"In its dialogue with governments and the EU, the industry must continue to highlight the huge disadvantages regarding our energy costs in comparison with other areas in the world," said Mr Bock, CEFIC's immediate past president.

Hans-Ulrich Engel, BASF's chief financial officer, pointed out that although the oil prices cut had slightly narrowed the gap between the North American and European energy costs, natural gas prices in the first quarter of this year were still around 2.5 times higher in Europe than in the US-- $7-7.5 per million British thermal units (MMBtu) against $2.88 per MMBtu.

The European industry is emphasizing that oil prices are only one among a number of factors which is contributing the high energy costs. One of the most important of these is higher electricity prices due to the subsidizing of renewables.

Oil-price levels have a big impact primarily on Western Europe's petrochemicals sector where 85% of ethylene is derived from naphtha, gas oil, and other light distillate oil-based products.

"European governments would be making a big mistake if they think that high energy costs are no longer a big issue for the industry because of the decline in oil prices," says Nick Sturgeon, energy, trade and competiveness director at the UK Chemical Industries Association (CIA).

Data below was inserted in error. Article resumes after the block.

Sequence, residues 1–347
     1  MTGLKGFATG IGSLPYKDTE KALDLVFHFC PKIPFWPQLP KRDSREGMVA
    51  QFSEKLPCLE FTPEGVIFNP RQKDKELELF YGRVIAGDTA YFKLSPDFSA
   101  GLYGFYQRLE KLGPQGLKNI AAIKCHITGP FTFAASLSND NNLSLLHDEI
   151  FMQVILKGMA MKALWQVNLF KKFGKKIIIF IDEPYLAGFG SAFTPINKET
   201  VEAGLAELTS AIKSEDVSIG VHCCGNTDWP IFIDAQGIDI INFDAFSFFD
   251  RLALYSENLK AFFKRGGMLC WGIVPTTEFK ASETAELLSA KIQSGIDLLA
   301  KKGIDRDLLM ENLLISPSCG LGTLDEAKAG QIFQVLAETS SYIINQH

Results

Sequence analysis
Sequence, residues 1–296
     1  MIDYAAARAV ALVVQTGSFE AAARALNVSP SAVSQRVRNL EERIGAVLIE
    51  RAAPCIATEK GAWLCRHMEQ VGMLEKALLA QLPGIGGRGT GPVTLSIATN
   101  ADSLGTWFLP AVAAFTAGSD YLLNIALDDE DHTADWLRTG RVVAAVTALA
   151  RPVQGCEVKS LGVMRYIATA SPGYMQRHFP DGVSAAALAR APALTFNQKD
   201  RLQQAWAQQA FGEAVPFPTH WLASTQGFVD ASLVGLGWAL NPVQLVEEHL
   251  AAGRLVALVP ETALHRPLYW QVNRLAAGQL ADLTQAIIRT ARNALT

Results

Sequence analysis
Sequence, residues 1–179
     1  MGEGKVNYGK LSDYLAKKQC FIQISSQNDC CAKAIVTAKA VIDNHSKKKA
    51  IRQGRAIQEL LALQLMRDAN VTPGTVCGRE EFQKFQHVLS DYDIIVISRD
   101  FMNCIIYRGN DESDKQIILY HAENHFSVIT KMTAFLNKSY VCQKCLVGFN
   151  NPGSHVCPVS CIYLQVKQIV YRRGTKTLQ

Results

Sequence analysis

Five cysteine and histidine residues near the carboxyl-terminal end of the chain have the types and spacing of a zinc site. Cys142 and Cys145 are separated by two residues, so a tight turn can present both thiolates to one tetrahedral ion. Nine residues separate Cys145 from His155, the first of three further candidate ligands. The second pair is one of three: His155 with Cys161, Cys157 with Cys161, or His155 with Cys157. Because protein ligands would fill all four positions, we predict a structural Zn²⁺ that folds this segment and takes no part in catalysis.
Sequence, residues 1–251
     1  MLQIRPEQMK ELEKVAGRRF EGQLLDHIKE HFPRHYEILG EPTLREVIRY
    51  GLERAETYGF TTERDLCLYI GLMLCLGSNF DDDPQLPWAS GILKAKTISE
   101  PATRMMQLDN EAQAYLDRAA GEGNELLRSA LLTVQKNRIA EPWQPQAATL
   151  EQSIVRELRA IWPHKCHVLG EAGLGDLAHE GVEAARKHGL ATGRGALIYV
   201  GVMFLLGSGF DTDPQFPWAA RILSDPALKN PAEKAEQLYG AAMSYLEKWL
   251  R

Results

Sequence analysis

The main objective of the European Commission over the last few years has been to put forward measures which will reduce EU energy consumption while at the same time improving the security of energy supplies in Europe.

"There are concerns about the Commission's philosophy still being based on the belief that energy is too cheap in Europe and needs to be made more expensive by pushing less competitive energy sources like renewables," says Peter Botschek, CEFIC's energy director.

Effects of the EU ETS Market Stability Reserve

Now the industry is also worried that the EU will try to compensate for low oil prices unfairly by bringing forward the introduction of a proposed scheme for raising the price of carbon allowances within the EU's Emission Trading System (ETS). The carbon price, which is supposed to benefit the development and operation of low carbon technologies, is languishing at around €7 per ton because of an excess of around 2 billion allowances on the market.

The European Parliament's powerful environment committee voted in late February to introduce the ETS Market Stability Reserve (MSR), a mechanism for reducing surplus carbon credits, at the end of 2018 instead of 2021 as proposed by the Commission. Analysts believe the MSR could almost triple the carbon price to €20 per ton by 2020.

"The MSR would effectively be a mechanism for controlling the carbon price because it would be used both to take allowances off the market and bring them back in at times of excess or lack of supplies of credits," explains Mr Botschek. "It could now be introduced as early as 2017, which is a move supported by the governments of UK, Germany and France. Our own studies have shown that a €20 carbon price would be very damaging for our industry."

The EU decision on when to start operating the MSR is likely to be influenced considerably by the future trends in oil prices.